(This article was written by Michael L. Slack and published in Texas Lawyer magazine on August 6, 2014.)
Think back to a favorite teacher, one who could turn complicated and confusing theories into simple pieces of knowledge. Applying that knowledge to the problem at hand, and voilà! Problem solved. Compare that teacher to one who was so wrapped up in academia that she refused to lower herself to the students’ level, believing that simple explanations were for simple minds.
Trial lawyers occupy the same position in the courtroom that teachers do in the classroom. It’s their job to identify and simplify key, complex elements of the case before speaking to a judge and jury. Trial lawyers should model courtroom teaching after the teacher who measured success by the students’ interest and who knew students could grasp complex subjects through effective use of simple communications. Here are three things lawyers should learn from teachers.
1. Understand the audience. If the trial lawyer is the teacher, then the members of the jury become the students. A lawyer must understand the technical aspects of the case—and the minds of the jurors—long before he or she steps into the courtroom.
Failing to grasp the technical aspects of a case results from failure to put in the time and effort needed to break down the information available in the evidence. Before jury research begins, lawyers must be clear on the information, so that they are able to explain to and educate the jury and the judge. Take heed of Albert Einstein, who supposedly said, “If you can’t explain it to a 6-year-old, you don’t understand it yourself.”
Once the lawyer understands the complexity of the case and has simplified it sufficiently, then it’s time to begin jury research. Understanding the demographics of the potential jury members is necessary, just as a teacher must understand something about his or her students’ backgrounds.
Start with focus groups to learn what evidence your listeners will understand right away and what evidence requires special background and instruction. The focus groups don’t have to be overly sophisticated. For example, you can organize an informal focus group on a Saturday or one evening after work.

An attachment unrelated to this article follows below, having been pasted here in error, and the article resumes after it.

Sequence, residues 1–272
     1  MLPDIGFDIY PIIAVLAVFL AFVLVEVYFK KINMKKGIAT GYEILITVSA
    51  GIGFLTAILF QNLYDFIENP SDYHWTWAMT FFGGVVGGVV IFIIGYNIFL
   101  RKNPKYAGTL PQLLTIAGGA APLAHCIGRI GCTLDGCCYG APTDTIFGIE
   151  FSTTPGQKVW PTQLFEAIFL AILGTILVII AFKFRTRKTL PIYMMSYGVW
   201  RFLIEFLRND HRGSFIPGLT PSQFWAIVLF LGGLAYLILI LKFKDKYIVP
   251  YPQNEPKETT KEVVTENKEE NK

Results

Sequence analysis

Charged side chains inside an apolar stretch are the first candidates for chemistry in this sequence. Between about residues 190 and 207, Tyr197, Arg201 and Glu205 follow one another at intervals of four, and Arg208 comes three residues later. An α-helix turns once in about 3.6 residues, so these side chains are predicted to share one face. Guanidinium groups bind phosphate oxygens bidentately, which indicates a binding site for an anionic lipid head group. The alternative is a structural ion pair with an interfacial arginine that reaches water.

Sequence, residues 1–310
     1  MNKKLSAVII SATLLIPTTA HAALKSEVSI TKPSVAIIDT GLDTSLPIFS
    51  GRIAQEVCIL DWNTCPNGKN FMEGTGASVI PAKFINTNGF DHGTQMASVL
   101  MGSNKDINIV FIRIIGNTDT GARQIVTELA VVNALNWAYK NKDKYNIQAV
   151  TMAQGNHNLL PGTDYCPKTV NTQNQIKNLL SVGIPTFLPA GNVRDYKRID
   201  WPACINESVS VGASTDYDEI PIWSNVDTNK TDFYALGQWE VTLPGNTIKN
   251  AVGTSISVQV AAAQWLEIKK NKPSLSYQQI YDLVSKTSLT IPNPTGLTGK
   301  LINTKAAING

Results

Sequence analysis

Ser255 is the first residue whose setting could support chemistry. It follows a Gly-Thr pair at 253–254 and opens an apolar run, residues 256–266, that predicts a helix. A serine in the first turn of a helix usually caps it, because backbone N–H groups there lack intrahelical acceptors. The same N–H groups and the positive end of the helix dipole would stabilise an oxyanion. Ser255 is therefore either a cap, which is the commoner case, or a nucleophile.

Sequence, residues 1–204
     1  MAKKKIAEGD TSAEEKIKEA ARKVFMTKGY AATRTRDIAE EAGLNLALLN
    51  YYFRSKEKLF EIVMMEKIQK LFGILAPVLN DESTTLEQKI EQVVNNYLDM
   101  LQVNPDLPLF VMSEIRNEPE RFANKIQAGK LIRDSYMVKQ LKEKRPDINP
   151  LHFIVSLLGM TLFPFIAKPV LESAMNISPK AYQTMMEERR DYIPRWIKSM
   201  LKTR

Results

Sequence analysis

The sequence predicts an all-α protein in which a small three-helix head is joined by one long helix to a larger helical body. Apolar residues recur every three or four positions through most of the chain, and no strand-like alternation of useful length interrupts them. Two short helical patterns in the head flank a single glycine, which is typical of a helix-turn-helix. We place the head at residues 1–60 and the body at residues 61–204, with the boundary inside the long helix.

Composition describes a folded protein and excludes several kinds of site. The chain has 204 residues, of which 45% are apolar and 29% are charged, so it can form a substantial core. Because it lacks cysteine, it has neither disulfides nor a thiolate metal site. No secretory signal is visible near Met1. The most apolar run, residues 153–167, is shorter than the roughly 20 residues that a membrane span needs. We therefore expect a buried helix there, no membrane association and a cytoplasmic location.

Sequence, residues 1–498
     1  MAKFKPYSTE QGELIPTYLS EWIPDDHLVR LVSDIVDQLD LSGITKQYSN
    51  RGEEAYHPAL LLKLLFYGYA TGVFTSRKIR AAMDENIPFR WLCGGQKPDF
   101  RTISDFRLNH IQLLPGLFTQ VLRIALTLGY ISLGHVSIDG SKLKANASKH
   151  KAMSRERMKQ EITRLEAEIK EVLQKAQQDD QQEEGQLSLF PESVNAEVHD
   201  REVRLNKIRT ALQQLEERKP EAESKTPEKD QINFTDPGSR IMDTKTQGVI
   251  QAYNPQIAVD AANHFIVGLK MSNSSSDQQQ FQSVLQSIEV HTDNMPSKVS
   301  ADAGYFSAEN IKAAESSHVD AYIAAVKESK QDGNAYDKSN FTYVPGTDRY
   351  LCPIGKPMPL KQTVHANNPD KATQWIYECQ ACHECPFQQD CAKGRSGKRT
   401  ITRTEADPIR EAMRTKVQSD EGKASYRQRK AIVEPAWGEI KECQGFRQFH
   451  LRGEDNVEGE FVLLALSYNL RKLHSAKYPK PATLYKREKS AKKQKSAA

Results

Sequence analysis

Given the amount of polling and research political groups do, it’s relatively easy to access detailed information about potential jurors. Look for educational levels, work experience, professions and trades, religious orientation and any other demographic that could impact the client’s case.
Once armed with that information, test and retest themes and concepts with different focus groups. Jury research should produce a strong understanding of the individuals’ knowledge base. Keep in mind, there is no such thing as a case too complex for a jury. After proper jury research, a lawyer can simplify any technical case for any educational level. This is not something that can happen in a cram session or by pulling an all-nighter. Take the time necessary to conduct good, fundamental jury research.
2. Use demonstrative exhibits effectively. It is the lawyer’s responsibility to use powerful demonstratives to their fullest potential. Poster boards should be as simple and easy to understand as possible. They are there to add value to the case, not distract jurors from the evidence.
Think of the demonstratives as teaching tools to keep the jury interested and engaged. PowerPoint is often not that tool. Typically, PowerPoint is not as effective as boards because the jury is unable to refer back to earlier slides.
Use the demonstratives to tell a story. But remember that a storyteller does not need to share all evidence or definitions at the very beginning. Present that information in a manner that moves the story along. Teach the jury as the story evolves. This will focus jurors’ attention on the evidence as the lawyer presents it to them and prevent them from struggling to remember a definition provided at the beginning of the case.
3. Educate and elaborate with witnesses. Another piece to add to the story is the technical or teaching witness. Teaching witnesses educate the jury and elaborate on vital concepts. They are often experts on the subject of the trial, like an economist or a psychologist. They know the technical aspects of the case and are able to simplify it for the jury. If they don’t, then it is the lawyer’s job to simplify it through clarifying questions—much the way a classroom teacher asks questions of a student who’s dancing around an answer.
Similarly, a trial lawyer uses the storyteller witness to provide a narrative of the facts during direct examination. In some cases, the storyteller witness can also be the technical witness. Think of Bill Nye the Science Guy. His ability to teach children—and some adults—about science through simple yet engaging stories, analogies and examples is what a trial lawyer should emulate—not to mention look for in a witness. Recalling what Einstein said, simplifying the story enough for a 6-year old does not mean the lawyer or witness needs to sound condescending or patronizing to the jurors. It is important to be likeable. Showing an interest in sharing knowledge helps to achieve that.
Finally, regardless of how complicated the case is, the smart trial lawyer will remember that he or she must present it in simple, succinct language. If the attorney completed the homework, exhausted the jury research and effectively communicated the case’s complexities to the jury in an understandable manner, he or she might just earn an A+.
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